To the editor:

A recent Deseret News article calling Escalante "1 of 10 towns in West facing extinction" (Oct. 18) contained a number of statements essentially blaming "environmentalists" for the community's economic difficulties. I wish to address several points to offer a more balanced perspective.Foremost of these was the assertion that "most timber that is being offered for sale by the National Forest Service in southern Utah is under appeal by various environmental groups." This is simply not true. The fact is, in the entire history of the timber sale programs of southern Utah's two national forests - the Dixie and the Fishlake - only three sales have ever been appealed.

For the record, the volume of timber represented in these three appealed sales - 3.7 million board feet - amounts to just 16 percent of the total volume currently being sold from the forests in one year alone.

The story also stated that Escalante's sawmill "recently laid off 30 employees, and more layoffs loom because of shortages of available timber." It didn't mention, however, that in the nearby Boulder Mountain area Escalante mill currently has 1.5 million board feet under contract that it has been authorized to cut since July. And with local observers saying that the mill's yard is presently stockpiled as full as it's ever been with finished lumber products, it seems fair to ask some hard questions about the layoffs from a business standpoint.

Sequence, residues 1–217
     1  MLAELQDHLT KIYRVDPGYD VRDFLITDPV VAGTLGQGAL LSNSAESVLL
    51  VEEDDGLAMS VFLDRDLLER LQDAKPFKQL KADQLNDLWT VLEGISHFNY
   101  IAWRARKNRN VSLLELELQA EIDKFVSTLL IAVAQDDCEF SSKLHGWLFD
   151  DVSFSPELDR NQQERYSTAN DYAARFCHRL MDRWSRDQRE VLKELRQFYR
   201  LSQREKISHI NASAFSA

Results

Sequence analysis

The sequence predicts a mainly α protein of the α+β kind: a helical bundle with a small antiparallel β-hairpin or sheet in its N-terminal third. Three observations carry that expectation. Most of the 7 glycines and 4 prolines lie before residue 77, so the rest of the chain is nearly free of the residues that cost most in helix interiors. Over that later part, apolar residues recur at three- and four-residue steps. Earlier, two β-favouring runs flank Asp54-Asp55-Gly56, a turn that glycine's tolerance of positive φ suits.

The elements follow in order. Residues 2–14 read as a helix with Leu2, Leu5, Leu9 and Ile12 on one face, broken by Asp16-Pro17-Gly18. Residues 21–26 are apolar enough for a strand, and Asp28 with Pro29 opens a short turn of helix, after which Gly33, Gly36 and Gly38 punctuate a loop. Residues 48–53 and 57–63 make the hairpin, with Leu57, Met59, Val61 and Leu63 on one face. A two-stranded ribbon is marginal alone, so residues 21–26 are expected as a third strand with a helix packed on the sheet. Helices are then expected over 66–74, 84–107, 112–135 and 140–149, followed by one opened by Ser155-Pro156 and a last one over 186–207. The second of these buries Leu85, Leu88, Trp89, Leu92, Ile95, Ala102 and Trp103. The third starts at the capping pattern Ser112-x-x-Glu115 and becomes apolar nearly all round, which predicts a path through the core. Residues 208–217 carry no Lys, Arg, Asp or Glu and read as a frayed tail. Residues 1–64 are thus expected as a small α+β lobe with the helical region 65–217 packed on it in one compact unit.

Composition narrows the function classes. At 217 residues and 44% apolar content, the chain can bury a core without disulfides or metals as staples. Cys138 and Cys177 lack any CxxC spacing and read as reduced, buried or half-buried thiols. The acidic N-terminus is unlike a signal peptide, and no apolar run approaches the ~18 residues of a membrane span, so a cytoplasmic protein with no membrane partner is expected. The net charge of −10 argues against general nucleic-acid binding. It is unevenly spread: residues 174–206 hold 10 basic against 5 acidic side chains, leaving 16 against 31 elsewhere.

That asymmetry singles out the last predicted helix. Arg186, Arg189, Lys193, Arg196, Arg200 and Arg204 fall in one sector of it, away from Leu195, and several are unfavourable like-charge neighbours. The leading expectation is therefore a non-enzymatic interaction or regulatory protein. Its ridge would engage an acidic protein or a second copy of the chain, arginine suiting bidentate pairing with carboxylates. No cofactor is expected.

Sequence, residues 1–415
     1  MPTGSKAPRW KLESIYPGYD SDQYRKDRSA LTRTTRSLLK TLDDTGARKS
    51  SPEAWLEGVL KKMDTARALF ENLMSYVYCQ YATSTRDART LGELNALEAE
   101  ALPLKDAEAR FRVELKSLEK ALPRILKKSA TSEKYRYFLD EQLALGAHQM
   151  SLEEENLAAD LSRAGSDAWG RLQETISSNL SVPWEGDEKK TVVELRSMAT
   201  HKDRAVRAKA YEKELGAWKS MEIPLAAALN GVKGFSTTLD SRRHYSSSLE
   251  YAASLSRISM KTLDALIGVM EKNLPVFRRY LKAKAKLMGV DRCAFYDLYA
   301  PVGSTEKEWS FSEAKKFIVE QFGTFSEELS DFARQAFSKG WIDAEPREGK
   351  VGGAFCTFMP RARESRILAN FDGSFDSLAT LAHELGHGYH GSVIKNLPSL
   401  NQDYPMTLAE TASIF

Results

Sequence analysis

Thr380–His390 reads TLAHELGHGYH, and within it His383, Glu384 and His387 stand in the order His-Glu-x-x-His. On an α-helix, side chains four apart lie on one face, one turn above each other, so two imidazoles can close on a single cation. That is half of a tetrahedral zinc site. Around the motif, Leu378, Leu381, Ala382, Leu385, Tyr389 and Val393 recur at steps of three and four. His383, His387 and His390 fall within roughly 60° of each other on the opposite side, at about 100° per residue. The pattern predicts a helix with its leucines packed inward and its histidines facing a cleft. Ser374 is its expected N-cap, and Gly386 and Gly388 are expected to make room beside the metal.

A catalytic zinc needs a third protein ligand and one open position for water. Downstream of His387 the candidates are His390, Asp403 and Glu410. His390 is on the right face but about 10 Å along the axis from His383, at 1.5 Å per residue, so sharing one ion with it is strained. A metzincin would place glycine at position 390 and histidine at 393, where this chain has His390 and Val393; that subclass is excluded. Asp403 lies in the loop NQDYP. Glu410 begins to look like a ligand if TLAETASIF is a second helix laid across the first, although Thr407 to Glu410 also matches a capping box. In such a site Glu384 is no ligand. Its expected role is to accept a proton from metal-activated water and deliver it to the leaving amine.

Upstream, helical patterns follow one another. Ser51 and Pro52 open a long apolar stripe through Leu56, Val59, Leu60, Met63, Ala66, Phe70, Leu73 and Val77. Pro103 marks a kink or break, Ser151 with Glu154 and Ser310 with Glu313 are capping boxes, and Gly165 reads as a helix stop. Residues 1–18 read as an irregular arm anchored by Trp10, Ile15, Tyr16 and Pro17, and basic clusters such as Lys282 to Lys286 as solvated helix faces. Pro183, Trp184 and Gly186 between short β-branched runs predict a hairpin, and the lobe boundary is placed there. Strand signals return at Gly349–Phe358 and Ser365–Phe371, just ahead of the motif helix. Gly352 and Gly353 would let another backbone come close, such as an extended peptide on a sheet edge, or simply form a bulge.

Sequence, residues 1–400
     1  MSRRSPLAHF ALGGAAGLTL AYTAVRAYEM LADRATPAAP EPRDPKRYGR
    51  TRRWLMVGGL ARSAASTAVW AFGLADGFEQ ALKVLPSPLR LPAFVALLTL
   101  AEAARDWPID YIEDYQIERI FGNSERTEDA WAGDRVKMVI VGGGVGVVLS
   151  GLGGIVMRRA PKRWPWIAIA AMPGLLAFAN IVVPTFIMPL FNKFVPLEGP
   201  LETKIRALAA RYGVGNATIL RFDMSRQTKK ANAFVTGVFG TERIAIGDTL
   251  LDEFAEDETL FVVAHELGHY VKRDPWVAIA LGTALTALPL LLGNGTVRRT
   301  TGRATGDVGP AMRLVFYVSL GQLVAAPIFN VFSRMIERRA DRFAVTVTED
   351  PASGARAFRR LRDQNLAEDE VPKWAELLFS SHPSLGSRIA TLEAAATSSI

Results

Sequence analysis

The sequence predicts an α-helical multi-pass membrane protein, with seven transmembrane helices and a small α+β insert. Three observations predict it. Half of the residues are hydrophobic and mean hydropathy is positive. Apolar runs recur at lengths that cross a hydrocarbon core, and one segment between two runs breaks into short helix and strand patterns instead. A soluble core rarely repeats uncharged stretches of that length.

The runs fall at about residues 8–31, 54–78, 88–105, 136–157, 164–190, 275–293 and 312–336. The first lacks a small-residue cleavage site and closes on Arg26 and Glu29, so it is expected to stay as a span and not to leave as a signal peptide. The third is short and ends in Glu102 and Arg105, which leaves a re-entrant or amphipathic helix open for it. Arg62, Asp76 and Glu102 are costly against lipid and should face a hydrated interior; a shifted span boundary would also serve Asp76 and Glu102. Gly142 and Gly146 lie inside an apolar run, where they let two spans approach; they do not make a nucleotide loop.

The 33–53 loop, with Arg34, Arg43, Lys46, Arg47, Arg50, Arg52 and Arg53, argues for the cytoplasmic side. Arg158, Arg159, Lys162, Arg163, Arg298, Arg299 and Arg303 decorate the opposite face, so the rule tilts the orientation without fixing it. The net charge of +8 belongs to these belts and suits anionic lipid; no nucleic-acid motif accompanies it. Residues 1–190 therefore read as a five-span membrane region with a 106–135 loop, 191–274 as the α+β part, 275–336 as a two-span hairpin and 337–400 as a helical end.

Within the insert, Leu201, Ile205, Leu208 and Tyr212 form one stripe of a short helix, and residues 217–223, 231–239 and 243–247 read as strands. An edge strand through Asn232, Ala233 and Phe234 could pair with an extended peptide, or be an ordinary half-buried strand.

Finally, the article quotes a county commissioner claiming that "with all the environmental restrictions we're facing down here, Escalante is a community dying on the vine." Those alleged restrictions have been around for a couple of decades. Nobody, however, has ever considered Escalante a booming community.

Long before there were any environmental regulations, towns came and went. Ghost towns are nothing new in the West. If Escalante is to avoid that fate - and we certainly hope it does - its interests would be better served focusing on problems and opportunities from within instead of unjustifiably laying blame elsewhere.

William Patric

Utah Wilderness Coalition